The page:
regards Girish Kumar Suneja (supra), which is by a Bench of three

Judges, the issue considered was whether order of this Court

directing that no Court other than this Court will stay

investigation/trial in Manohar Lal Sharma versus Principal Secretary

and ors. 18 [Coal Block allocation cases] violated right or remedies of

the affected parties against an order framing charge. It was

observed that the order framing charge being interlocutory order,

the same could not be interfered with under Section 397(2) nor

under Section 482 Cr.P.C. 19 It was further held that stay of

 

18 (2014) 9 SCC 516 19 Paras 24,25, 27

22

proceedings could not be granted in PC Act cases even under

Section 482 Cr.P.C.20 It was further observed that though power

under Article 227 is extremely vast, the same cannot be exercised on

the drop of a hat as held in Shalini Shyam Shetty versus Rajendra

Shankar Patil21 as under :

“37. … This reserve and exceptional power of

judicial intervention is not to be exercised just for

grant of relief in individual cases but should be

directed for promotion of public confidence in

the administration of justice in the larger public

interest whereas Article 226 of the Constitution is

meant for protection of individual grievance.

Therefore, the power under Article 227 may be

unfettered but its exercise is subject to high

degree of judicial discipline pointed out

above.”

20. It was observed that power under Section 482 Cr.P.C. could be

exercised only in rarest of rare cases and not otherwise.

38. The Criminal Procedure Code is undoubtedly

a complete code in itself. As has already been

discussed by us, the discretionary jurisdiction

under Section 397(2) CrPC is to be exercised

only in respect of final orders and intermediate

orders. The power under Section 482 CrPC is to

be exercised only in respect of interlocutory

 

20 Para 32 21 (2010) 8 SCC 329

23

orders to give effect to an order passed under

the Criminal Procedure Code or to prevent

abuse of the process of any court or otherwise

to serve the ends of justice. As indicated above,

this power has to be exercised only in the rarest

of rare cases and not otherwise. If that is the

position, and we are of the view that it is so,

resort to Articles 226 and 227 of the Constitution

would be permissible perhaps only in the most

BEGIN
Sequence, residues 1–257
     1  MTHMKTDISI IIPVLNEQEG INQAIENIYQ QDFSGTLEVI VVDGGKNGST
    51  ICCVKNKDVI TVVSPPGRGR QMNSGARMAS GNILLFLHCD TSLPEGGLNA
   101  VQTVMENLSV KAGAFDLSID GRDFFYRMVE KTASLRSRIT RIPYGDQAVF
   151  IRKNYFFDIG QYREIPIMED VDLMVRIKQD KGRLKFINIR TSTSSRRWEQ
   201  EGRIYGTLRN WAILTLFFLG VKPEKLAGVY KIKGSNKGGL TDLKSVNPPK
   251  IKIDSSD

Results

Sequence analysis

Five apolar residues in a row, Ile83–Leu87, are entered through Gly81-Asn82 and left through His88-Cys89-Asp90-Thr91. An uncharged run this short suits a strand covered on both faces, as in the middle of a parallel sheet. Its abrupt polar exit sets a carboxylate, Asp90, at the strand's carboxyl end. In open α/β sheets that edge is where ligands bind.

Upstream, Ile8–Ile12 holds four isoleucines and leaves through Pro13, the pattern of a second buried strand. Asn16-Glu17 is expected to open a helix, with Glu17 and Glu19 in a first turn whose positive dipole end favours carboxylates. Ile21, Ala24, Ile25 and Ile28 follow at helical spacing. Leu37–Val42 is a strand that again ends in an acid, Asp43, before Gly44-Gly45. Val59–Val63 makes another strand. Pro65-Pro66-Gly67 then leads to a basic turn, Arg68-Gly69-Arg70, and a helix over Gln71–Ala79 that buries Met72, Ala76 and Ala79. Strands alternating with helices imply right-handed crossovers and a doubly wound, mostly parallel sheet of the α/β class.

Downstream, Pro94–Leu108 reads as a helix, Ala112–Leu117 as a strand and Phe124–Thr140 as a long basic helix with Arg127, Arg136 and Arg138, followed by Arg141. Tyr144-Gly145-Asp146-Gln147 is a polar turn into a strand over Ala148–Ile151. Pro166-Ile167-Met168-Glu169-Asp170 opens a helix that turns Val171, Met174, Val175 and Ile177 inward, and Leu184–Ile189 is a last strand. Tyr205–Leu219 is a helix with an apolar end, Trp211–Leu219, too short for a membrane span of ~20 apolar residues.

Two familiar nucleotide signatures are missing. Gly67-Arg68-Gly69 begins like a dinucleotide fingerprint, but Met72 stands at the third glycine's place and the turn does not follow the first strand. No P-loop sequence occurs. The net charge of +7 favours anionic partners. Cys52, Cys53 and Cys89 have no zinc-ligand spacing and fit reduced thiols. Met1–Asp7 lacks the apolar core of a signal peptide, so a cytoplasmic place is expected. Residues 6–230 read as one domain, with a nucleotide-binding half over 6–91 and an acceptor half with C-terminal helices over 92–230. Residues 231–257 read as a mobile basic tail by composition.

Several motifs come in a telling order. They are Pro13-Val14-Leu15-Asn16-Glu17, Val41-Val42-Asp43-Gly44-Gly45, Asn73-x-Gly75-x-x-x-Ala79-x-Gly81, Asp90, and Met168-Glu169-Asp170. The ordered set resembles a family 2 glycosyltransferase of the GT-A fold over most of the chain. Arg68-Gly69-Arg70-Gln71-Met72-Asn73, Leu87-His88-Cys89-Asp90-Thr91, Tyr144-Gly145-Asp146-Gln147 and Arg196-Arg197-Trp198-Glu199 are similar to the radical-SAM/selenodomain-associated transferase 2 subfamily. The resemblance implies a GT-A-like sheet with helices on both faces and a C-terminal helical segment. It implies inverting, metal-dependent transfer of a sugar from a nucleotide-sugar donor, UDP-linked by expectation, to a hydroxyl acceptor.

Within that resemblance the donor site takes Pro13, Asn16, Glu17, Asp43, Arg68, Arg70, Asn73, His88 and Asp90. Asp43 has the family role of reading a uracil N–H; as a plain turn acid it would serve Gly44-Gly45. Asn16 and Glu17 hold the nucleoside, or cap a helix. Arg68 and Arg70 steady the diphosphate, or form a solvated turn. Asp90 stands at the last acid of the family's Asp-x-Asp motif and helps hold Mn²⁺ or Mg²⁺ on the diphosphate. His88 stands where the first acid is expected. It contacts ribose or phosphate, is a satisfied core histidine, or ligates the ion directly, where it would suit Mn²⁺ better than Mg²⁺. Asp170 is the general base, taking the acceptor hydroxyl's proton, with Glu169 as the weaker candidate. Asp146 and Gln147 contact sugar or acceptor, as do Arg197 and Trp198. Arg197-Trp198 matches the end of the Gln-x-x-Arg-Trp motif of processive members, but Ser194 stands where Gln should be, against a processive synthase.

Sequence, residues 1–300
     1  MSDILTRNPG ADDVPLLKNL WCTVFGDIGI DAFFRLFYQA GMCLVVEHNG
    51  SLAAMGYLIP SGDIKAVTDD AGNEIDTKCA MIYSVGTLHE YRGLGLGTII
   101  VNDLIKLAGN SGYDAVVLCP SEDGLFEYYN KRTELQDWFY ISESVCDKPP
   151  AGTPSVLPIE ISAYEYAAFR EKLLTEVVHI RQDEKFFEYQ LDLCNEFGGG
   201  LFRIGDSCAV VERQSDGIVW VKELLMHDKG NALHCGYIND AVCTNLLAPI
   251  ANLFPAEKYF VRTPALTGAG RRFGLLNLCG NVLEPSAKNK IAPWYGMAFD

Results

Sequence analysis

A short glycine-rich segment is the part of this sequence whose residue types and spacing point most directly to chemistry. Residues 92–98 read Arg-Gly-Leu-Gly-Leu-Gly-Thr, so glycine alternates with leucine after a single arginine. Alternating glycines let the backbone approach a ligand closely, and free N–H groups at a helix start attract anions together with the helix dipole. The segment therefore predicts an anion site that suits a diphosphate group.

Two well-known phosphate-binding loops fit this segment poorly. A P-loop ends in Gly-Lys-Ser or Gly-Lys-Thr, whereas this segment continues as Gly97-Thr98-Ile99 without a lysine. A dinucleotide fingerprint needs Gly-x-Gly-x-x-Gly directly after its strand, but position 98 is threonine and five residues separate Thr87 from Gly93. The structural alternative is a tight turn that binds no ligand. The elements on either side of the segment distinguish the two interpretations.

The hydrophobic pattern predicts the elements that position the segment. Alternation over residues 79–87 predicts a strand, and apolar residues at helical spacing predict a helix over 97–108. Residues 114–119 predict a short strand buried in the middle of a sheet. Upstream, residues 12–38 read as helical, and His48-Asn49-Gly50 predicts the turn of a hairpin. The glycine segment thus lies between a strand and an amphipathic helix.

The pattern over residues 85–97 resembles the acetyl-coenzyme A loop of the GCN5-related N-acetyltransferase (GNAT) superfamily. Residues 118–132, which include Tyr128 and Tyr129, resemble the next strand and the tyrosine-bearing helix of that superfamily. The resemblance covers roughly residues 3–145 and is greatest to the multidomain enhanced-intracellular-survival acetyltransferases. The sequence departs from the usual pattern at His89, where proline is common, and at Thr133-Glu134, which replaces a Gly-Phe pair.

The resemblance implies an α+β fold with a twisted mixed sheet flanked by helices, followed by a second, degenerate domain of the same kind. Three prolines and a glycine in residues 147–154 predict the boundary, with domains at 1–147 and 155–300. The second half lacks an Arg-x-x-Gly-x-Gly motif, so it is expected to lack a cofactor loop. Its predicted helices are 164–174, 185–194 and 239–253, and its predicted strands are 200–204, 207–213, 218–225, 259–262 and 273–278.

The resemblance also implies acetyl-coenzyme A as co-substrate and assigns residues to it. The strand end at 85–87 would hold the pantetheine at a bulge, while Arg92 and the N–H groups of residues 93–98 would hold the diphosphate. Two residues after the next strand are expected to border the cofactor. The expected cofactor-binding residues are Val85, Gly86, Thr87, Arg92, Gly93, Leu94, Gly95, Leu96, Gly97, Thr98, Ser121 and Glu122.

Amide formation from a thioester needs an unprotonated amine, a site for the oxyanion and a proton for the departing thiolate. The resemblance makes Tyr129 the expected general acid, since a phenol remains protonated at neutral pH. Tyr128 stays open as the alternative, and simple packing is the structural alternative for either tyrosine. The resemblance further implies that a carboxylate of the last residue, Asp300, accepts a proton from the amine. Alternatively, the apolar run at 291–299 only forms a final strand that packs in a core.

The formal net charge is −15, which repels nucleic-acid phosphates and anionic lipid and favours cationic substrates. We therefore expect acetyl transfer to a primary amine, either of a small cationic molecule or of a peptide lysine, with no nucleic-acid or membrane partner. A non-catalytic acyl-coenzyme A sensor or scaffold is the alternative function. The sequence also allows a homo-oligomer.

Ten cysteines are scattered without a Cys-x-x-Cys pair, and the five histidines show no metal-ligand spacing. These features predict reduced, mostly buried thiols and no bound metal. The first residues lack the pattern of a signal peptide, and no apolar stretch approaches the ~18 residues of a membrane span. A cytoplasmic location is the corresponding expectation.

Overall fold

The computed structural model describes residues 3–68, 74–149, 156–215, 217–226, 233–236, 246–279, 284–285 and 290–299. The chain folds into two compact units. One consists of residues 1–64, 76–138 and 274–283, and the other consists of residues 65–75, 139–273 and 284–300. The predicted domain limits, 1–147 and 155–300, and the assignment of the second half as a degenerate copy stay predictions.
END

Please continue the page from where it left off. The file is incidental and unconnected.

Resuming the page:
extraordinary case. To invoke the constitutional

jurisdiction of the High Court when the Criminal

Procedure Code restricts it in the interest of a

fair and expeditious trial for the benefit of the

accused person, we find it difficult to accept the

proposition that since Articles 226 and 227 of the

Constitution are available to an accused

person, these provisions should be resorted to in

cases that are not the rarest of rare but for trifling

issues.

21. Reliance was also placed on judgment by seven Judge Bench

in Kartar Singh versus State of Punjab22 laying down as follows :

“40. …If the High Courts entertain bail

applications invoking their extraordinary

jurisdiction under Article 226 and pass orders,

then the very scheme and object of the Act and

the intendment of Parliament would be

completely defeated and frustrated. But at the

same time it cannot be said that the High

Courts have no jurisdiction. Therefore, we totally

agree with the view taken by this Court in Abdul

Hamid Haji Mohammed [(1994) 2 SCC 664] that

if the High Court is inclined to entertain any

 

22 (1994) 3 SCC 569

24

application under Article 226, that power should

be exercised most sparingly and only in rare

and appropriate cases in extreme

circumstances. What those rare cases are and

what would be the circumstances that would

justify the entertaining of applications under

Article 226 cannot be put in straitjacket.”

22. It was further observed that no stay could be granted in PC Act

cases in view of bar contained in Section 19(3)(c). The relevant

observations are :

“64. A reading of Section 19(3) of the PC Act

indicates that it deals with three situations: (i)

Clause (a) deals a situation where a final

judgment and sentence has been delivered by

the Special Judge. We are not concerned with

this situation. (ii) Clause (b) deals with a stay of

proceedings under the PC Act in the event of

any error, omission or irregularity in the grant of

sanction by the authority concerned to

prosecute the accused person. It is made clear

that no court shall grant a stay of proceedings

on such a ground except if the court is satisfied

that the error, omission or irregularity has

resulted in a failure of justice—then and only

then can the court grant a stay of proceedings

under the PC Act. (iii) Clause (c) provides for a

blanket prohibition against a stay of

proceedings under the PC Act even if there is a

failure of justice [subject of course to Clause

(b)]. It mandates that no court shall stay

proceedings “on any other ground” that is to

say any ground other than a ground relatable

25

to the error, omission or irregularity in the

sanction resulting in a failure of justice.

65. A conjoint reading of clause (b) and clause

(c) of Section 19(3) of the PC Act makes it is

clear that a stay of proceedings could be

granted only and only if there is an error,

omission or irregularity in the sanction granted

for a prosecution and that error, omission or

irregularity has resulted in a failure of justice.

There is no other situation that is contemplated

for the grant of a stay of proceedings under the

PC Act on any other ground whatsoever, even if